The bag has multiple types of zippers—all of which are high-quality YKK zippers.
The zipper on the laptop compartment has a weather-resistant coating so that will help keep your laptop safe if you get stuck in a rainstorm.
The other zippers on this bag aren’t weather-proofed but they’re still robust and the action on the zipping/unzipping is smooth.
The main zippers have lockable loops that can be secured with a small luggage lock. The zippers also have nice pulls to help make it easier to use the zippers. The previous version of the Travel Pack had zipper-pulls that made a lot of noise but this version has fixed that issue.
One tiny complaint is that the zippers of the main compartment and the front flap look so similar that it’s easy to confuse the two. I wish Aer put different colored zipper pulls to help quickly distinguish the two zippers.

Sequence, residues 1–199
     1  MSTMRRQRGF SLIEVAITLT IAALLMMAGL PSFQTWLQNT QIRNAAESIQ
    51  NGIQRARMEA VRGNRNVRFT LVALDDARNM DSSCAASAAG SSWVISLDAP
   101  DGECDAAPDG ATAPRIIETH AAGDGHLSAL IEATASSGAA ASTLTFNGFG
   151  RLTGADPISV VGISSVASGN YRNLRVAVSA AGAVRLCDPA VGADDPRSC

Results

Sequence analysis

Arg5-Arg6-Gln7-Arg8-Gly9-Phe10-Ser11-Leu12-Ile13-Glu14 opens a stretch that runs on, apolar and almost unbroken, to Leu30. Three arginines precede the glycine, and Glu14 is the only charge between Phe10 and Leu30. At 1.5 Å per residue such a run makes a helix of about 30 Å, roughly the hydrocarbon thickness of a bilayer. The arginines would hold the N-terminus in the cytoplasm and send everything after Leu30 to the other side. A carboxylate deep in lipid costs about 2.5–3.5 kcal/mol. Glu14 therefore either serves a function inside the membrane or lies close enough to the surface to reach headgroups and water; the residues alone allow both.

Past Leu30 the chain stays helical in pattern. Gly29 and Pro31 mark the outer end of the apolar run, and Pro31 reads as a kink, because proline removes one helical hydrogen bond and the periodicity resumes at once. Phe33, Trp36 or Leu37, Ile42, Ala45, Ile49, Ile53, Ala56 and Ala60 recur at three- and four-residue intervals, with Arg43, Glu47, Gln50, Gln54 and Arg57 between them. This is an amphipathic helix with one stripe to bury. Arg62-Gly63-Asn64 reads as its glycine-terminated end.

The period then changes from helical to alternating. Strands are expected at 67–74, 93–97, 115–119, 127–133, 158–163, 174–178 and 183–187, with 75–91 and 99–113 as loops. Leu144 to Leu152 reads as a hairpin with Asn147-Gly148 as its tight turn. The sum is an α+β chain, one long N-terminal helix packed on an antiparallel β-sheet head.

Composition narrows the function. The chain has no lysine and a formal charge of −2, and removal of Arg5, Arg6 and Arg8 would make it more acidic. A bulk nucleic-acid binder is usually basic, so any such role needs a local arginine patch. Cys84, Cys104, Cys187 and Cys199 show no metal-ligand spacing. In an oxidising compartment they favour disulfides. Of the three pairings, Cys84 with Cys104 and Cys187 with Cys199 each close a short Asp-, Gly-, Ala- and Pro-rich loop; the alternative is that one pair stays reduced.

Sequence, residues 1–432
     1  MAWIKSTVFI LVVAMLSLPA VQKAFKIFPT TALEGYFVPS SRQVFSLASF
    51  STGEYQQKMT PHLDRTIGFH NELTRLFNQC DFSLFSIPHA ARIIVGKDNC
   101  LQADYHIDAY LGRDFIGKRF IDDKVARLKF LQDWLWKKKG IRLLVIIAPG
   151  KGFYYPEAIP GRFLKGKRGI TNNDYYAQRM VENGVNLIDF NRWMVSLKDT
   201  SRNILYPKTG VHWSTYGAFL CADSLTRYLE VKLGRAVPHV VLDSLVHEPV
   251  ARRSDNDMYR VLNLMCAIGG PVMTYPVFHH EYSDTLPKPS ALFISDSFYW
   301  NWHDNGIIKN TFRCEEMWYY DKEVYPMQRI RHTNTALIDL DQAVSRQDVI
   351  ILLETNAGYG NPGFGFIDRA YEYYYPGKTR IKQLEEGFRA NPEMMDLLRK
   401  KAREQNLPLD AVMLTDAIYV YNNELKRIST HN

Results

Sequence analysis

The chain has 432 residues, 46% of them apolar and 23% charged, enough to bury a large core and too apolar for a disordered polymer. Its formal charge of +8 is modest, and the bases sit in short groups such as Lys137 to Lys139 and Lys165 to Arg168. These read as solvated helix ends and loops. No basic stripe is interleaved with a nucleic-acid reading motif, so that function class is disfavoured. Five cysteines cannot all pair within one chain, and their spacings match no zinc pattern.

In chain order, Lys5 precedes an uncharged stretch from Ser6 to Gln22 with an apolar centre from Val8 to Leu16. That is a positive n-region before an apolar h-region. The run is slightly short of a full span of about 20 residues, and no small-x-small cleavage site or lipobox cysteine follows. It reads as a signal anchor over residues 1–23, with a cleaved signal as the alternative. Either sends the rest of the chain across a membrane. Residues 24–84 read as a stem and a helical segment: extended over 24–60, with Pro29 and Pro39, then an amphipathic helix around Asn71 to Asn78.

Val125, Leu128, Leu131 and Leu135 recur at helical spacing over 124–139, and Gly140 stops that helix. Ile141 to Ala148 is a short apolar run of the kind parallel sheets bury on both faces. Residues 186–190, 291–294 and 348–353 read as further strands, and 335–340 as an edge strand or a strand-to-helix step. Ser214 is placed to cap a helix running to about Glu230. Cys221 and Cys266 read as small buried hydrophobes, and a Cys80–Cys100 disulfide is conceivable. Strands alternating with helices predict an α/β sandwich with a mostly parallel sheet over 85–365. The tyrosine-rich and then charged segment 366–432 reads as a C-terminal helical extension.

The Aer Travel Pack 3 has redesigned magnetic buckles on the bag’s four cinch straps. These magnetic buckles are pretty genius because you can buckle/unbuckle them instantly, but the magnets are strong enough to keep the straps securely closed.
The cinch straps have also been moved in this latest version so they don’t obstruct the zippers—unlike the previous version where you have to unbuckle the straps to unzip the bag (it was very annoying).
Internal Pockets and Organization
The Aer Travel Pack 3 is loaded with internal pockets and organizational compartments to help keep all your stuff secure and easily accessible. In fact, it might take you a minute to remember where you put your stuff since there are so many places to stash your gear.
Let’s start with the front panel pocket which is full of multiple compartments and dividers. There’s a deep pocket in the back for documents, a zippered pocket for smaller valuables like your passport, and multiple elastic compartments for electronics accessories, pens, and other small knickknacks.
There’s also a good amount of room in this front panel so there’s space for a light jacket, etc.